French lifeguard Clment Sarrazin on Yamba Main beach where he has been working over the summer holidays.
French lifeguard Clment Sarrazin on Yamba Main beach where he has been working over the summer holidays.

French lifesaver’s dream Aussie job in Yamba

CLEMENT Sarazzin grew up spending time travelling from his home in Nantes in northwestern France to his grandmother’s house on the Atlantic Ocean to be near the beach.

He became a lifeguard in France at the age of 20, but always dreamt to come to Australia and work on our beaches.

This year, he made the trip over the oceans, and was assigned to work as a lifeguard on the beaches at Yamba, and he said the dream is everything he expected it to be.

“I expected this kind of place with the white s and, pretty big surf, big surf club, sharks, stingrays, stone fish, snakes — and it’s definitely what I expected,” he said.

“When I arrived two months ago, I started to train with the club and got my bronze medallion and started to go out with the patrol teams.”

Mr Sarrazin worked as a lifeguard over the holidays, as well as a volunteer lifesaver with the Yamba Surf Life Saving Club, and he said he found the club amazing.

“The history of the club is fantastic, and I find all the time the community is proud of the club,” he said.

“I really like being on patrol when locals can share their stories of the surf, the club or even about the Yamba community.”

French lifeguard Clment Sarrazin on Yamba Main beach where he has been working over the summer holidays.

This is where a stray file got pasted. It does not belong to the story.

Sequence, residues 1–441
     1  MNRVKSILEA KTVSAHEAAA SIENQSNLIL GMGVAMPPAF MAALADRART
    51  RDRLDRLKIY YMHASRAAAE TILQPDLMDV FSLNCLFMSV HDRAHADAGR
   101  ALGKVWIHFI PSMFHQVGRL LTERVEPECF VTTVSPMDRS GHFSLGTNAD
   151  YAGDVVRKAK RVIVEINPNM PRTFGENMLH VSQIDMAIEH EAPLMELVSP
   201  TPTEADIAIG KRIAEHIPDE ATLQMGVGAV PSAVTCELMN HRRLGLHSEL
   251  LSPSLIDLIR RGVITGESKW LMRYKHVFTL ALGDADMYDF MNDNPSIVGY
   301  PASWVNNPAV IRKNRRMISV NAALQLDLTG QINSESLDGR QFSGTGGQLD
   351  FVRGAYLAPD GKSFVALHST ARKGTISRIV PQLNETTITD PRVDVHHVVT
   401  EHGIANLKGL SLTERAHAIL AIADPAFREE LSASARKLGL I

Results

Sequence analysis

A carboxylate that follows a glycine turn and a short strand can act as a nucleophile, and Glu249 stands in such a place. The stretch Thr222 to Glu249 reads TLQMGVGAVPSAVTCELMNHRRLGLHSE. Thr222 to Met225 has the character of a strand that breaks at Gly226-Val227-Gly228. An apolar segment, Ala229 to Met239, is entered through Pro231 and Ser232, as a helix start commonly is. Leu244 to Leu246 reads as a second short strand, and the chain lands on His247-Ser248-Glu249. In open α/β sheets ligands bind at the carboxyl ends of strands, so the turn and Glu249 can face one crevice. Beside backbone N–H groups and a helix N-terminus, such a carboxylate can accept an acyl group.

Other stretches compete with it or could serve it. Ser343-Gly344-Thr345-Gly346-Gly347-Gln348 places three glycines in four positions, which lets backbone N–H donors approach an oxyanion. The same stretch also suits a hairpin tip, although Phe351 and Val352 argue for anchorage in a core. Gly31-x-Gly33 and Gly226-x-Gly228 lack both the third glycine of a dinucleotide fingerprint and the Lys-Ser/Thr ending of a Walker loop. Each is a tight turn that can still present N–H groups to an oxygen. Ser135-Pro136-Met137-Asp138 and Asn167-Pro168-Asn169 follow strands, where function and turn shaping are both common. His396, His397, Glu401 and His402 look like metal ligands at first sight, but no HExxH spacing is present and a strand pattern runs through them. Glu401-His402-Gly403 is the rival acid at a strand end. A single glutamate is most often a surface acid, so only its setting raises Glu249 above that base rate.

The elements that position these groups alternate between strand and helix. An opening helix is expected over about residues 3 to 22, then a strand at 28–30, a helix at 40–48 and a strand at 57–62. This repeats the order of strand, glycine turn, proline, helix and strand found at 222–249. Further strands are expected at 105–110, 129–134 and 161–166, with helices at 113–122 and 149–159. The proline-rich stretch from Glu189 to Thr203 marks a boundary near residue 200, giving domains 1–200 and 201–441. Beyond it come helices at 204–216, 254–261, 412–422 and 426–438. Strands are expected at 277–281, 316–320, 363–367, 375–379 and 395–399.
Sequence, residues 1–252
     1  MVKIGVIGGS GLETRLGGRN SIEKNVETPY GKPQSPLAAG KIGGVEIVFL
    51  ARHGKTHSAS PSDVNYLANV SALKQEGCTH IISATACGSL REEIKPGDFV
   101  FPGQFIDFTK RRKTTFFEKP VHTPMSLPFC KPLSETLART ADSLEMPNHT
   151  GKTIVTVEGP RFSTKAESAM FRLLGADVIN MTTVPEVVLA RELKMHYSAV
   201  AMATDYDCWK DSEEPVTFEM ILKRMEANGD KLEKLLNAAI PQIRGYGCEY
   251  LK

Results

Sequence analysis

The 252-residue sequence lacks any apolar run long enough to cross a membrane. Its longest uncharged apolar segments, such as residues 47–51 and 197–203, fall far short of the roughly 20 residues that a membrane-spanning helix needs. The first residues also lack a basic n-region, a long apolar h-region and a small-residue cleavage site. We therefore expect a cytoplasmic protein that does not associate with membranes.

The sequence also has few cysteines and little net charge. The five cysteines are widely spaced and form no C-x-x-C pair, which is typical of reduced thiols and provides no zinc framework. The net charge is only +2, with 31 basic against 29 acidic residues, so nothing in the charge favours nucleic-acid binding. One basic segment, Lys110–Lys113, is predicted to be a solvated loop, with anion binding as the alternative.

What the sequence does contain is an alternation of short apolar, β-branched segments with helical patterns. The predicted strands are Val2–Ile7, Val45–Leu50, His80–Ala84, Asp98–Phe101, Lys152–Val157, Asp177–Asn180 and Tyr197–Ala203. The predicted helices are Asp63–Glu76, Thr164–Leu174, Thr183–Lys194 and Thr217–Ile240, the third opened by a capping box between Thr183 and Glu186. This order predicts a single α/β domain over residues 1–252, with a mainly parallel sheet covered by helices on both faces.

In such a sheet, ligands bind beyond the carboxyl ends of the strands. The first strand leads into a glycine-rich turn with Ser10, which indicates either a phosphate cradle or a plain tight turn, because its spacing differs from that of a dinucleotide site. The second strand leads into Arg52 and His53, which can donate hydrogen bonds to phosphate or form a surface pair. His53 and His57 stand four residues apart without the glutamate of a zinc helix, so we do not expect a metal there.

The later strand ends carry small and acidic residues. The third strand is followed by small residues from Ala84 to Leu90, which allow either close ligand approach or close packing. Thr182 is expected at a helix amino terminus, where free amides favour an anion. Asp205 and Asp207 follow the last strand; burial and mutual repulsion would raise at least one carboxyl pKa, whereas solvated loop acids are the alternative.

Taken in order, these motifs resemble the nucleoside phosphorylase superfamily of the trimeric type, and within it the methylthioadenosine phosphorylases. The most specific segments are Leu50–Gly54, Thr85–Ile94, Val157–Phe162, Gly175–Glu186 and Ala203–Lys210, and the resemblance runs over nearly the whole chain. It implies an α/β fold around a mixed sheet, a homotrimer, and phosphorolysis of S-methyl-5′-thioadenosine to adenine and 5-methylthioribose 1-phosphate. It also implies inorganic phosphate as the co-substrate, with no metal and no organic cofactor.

French lifeguard Clment Sarrazin on Yamba Main beach where he has been working over the summer holidays.

Coming from a large city, Mr Sarrazin described Yamba as “pretty chilled”, and the lifestyle allowed him more time to do things.

“I like this lifestyle, this way of living, I feel I have more time for myself so I can train,” he said.

His training will lead him to his first surf contest this weekend at Kingscliff, with a view to competing at the Australian titles in April.

“I’m more a runner, so I’ll probably competing in the two kilometre runs,” he said.

“But I’m keen to stay until after the Australian title, and I’m happy to stay in Yamba that time.

Mr Sarrazin said he found the beach crowds much more accommodating, and even noted the children showed the lifeguards more respect than what he was used to.

‘The kids really like us,” he said. “It’s not the same in France.

“Here you’re part of the community and I’ve really enjoyed my time here.”

Mr Sarrazin thanked local lifeguard supervisor Mitch Imeson, who he has been staying with, and surf club stalwart Jim Dougherty for their support and helping him become integrated into the community.

Following the close of the season, he will continue work as a lifeguard at the local pool.



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